Preventing Chemical Disasters and Protecting Your Right to Know

On March 31, the Center for Effective Government filed comments with the Interagency Working Group established under President Barack Obama's Executive Order 13650, Improving Chemical Facility Safety and Security. Our comments provide key recommendations to the Working Group that will help prevent chemical disasters and ensure that the public has information about the risks that chemical facilities pose to their communities.

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CEG Joins Brief in Case Challenging Secret Presidential Orders

The Center for Effective Government joined Public Citizen and other open government groups on April 7 in filing an amicus brief in a key lawsuit under the Freedom of Information Act (FOIA). The case, Electronic Privacy Information Center (EPIC) v. National Security Agency (NSA), could limit the public's ability to access documents that set policy for executive branch agencies. 

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Celebrating Sunshine Week 2014

Sunshine Week, the annual celebration of government openness and transparency, will be held next week, from March 16-22. Leading up to and during the week, events are held nationwide to highlight transparency in government. There are legislative hearings, film screenings, public discussions, editorials, reports published, and awards recognizing those who have advanced government openness and transparency.

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Oversight Board Calls for Greater Transparency of Telephone Surveillance

Today, the independent Privacy and Civil Liberties Oversight Board released its report examining the bulk collection of telephone records by the National Security Agency (NSA) and the operation of the Foreign Intelligence Surveillance Court. The NSA program has come under intense scrutiny in the wake of disclosures by former NSA contractor Edward Snowden. The oversight board’s report is sharply critical of the program and calls for greater transparency of surveillance policies and the surveillance court.

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President Promises Modest Steps toward Surveillance Transparency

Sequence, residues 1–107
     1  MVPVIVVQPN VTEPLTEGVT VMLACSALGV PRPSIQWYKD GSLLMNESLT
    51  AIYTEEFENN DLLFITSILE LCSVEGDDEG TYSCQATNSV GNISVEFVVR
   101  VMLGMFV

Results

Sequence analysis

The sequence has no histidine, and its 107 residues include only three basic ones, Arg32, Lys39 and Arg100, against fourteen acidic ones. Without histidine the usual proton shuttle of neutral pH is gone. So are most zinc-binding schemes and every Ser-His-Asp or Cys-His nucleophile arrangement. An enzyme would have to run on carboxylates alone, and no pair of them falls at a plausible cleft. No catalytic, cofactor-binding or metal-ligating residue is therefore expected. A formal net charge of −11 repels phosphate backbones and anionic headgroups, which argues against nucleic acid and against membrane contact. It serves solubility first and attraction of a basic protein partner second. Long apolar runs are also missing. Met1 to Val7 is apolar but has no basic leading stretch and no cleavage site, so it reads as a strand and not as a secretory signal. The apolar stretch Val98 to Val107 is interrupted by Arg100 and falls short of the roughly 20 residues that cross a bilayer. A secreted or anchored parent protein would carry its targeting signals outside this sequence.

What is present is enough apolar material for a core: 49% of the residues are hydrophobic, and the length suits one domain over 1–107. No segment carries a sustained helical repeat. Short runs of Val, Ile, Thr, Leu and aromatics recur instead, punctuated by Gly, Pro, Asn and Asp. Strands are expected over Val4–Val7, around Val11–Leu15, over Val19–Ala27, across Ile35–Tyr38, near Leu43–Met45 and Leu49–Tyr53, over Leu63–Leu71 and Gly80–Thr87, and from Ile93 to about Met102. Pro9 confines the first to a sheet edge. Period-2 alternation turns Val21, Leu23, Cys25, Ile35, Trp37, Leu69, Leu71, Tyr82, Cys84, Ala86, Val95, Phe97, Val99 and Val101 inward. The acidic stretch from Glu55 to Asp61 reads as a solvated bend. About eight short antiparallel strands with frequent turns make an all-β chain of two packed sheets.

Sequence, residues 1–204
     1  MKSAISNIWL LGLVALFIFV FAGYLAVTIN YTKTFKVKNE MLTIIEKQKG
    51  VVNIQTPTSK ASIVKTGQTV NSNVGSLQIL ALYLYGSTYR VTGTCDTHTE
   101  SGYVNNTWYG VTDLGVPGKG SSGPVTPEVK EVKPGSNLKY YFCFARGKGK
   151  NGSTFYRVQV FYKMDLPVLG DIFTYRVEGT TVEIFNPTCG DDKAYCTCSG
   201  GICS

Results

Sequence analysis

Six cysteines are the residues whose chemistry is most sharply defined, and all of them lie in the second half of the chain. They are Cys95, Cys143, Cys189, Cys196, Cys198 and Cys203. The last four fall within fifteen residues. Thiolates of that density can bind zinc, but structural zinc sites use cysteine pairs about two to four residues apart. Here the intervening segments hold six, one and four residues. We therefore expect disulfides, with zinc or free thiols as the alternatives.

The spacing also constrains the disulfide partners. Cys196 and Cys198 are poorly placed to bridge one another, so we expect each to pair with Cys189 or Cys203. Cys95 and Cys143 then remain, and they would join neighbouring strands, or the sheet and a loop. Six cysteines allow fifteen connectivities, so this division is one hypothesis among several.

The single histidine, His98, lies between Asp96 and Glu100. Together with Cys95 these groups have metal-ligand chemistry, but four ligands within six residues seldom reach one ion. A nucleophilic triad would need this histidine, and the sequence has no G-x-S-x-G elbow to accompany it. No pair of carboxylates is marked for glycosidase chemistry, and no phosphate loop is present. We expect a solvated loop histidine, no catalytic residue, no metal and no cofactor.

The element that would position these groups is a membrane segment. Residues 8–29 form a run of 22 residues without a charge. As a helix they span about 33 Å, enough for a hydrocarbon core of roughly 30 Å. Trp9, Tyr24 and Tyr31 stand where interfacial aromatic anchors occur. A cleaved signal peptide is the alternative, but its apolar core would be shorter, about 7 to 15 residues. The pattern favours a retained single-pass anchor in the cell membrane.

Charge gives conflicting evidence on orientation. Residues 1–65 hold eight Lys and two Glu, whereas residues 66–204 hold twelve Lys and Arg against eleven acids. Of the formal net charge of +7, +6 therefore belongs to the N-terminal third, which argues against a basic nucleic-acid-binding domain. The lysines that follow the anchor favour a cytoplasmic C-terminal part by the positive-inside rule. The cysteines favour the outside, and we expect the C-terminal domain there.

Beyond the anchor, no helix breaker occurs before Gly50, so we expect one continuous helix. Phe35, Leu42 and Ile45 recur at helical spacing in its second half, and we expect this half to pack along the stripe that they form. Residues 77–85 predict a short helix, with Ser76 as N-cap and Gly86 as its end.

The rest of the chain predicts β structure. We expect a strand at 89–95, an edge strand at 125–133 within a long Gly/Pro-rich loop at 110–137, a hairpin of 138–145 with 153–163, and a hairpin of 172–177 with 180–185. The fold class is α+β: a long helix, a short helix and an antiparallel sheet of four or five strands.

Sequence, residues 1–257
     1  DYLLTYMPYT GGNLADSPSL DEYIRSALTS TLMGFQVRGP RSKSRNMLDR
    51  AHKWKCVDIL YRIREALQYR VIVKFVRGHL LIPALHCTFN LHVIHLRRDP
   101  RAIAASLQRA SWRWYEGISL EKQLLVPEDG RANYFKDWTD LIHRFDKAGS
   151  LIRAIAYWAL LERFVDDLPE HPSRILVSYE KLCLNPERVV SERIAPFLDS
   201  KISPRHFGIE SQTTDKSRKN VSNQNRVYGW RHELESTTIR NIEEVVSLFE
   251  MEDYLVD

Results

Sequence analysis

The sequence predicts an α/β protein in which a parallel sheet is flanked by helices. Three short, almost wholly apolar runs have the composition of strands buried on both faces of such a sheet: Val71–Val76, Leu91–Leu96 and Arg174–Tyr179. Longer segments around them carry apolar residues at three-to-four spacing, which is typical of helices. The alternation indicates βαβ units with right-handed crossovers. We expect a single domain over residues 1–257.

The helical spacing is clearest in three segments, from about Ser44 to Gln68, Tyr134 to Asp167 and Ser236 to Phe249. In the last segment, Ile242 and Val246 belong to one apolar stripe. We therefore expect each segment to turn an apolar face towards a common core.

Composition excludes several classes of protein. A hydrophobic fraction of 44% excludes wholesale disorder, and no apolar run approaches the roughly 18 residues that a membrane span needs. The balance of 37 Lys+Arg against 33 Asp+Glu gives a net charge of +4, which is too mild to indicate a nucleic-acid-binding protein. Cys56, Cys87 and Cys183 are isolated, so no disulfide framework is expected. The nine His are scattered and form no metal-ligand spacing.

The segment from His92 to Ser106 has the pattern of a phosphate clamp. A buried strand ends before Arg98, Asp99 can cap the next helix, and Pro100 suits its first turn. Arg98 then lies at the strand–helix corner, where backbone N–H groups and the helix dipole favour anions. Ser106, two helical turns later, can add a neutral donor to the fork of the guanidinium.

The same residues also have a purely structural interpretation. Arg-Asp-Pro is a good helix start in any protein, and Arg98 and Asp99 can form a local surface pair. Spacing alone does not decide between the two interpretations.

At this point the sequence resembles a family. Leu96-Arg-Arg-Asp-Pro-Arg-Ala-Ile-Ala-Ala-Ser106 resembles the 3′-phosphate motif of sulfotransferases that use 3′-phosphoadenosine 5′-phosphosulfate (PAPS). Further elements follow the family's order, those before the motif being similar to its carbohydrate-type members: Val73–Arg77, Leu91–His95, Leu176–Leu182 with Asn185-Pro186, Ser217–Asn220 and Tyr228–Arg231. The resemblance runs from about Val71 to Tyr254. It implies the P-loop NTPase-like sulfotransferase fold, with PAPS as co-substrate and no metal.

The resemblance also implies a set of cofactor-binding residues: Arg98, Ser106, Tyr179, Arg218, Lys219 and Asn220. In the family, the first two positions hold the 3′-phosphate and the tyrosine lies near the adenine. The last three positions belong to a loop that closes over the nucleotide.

In a widely anticipated speech today, President Obama laid out his position on reforming surveillance activities in the wake of disclosures by former National Security Agency contractor Edward Snowden. Today’s announcements outlined modest steps to better protect privacy and bring greater transparency to the U.S. government’s surveillance activities, but more remains to be done.

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Chemical Risks Remain as We Wait for Federal Chemical Safety Reforms

Chemical incidents and injuries steadily continue as we wait for federal efforts to improve chemical safety and security to bear fruit. Last Friday, two employees were burned in a chemical explosion and fire at a petrochemical plant in Alsip, IL. This explosion is one of several across the country that have caused injuries and deaths in recent months.

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Judge Rules Against "Secret Law" in Center for Effective Government Lawsuit

A federal judge ruled yesterday in favor of the Center for Effective Government, ordering the federal government to release documents we requested under the Freedom of Information Act (FOIA). Specifically, the court ordered the government to disclose the Presidential Policy Directive on Global Development, a 2010 document also known as PPD-6.

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Reining in “Controlled Unclassified” Information: Time to Get the Job Done

The administration’s 2nd Open Government National Action Plan, released Dec. 6, includes a welcome commitment to implement the reforms laid out in President Obama’s 2010 executive order on controlled unclassified information (CUI).

Background

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Defense Department Takes Narrower Approach to Controlled Unclassified Information

A new Department of Defense (DOD) rule requires defense contractors to protect “unclassified controlled technical information” from unauthorized access and disclosure. The rule, issued Nov. 18, is much narrower than DOD’s proposed rule, which had raised concerns that it could result in the inappropriate withholding of public information.

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Calls for Safer Chemicals Dominate Listening Session on Chemical Security

On Nov. 15, three federal agencies held the second of a series of “listening sessions” to improve chemical facility safety and security. Held in Washington, DC, the major point of discussion during the daylong session was on the need for the federal government to require high-risk facilities to convert to safer chemicals when available and affordable.

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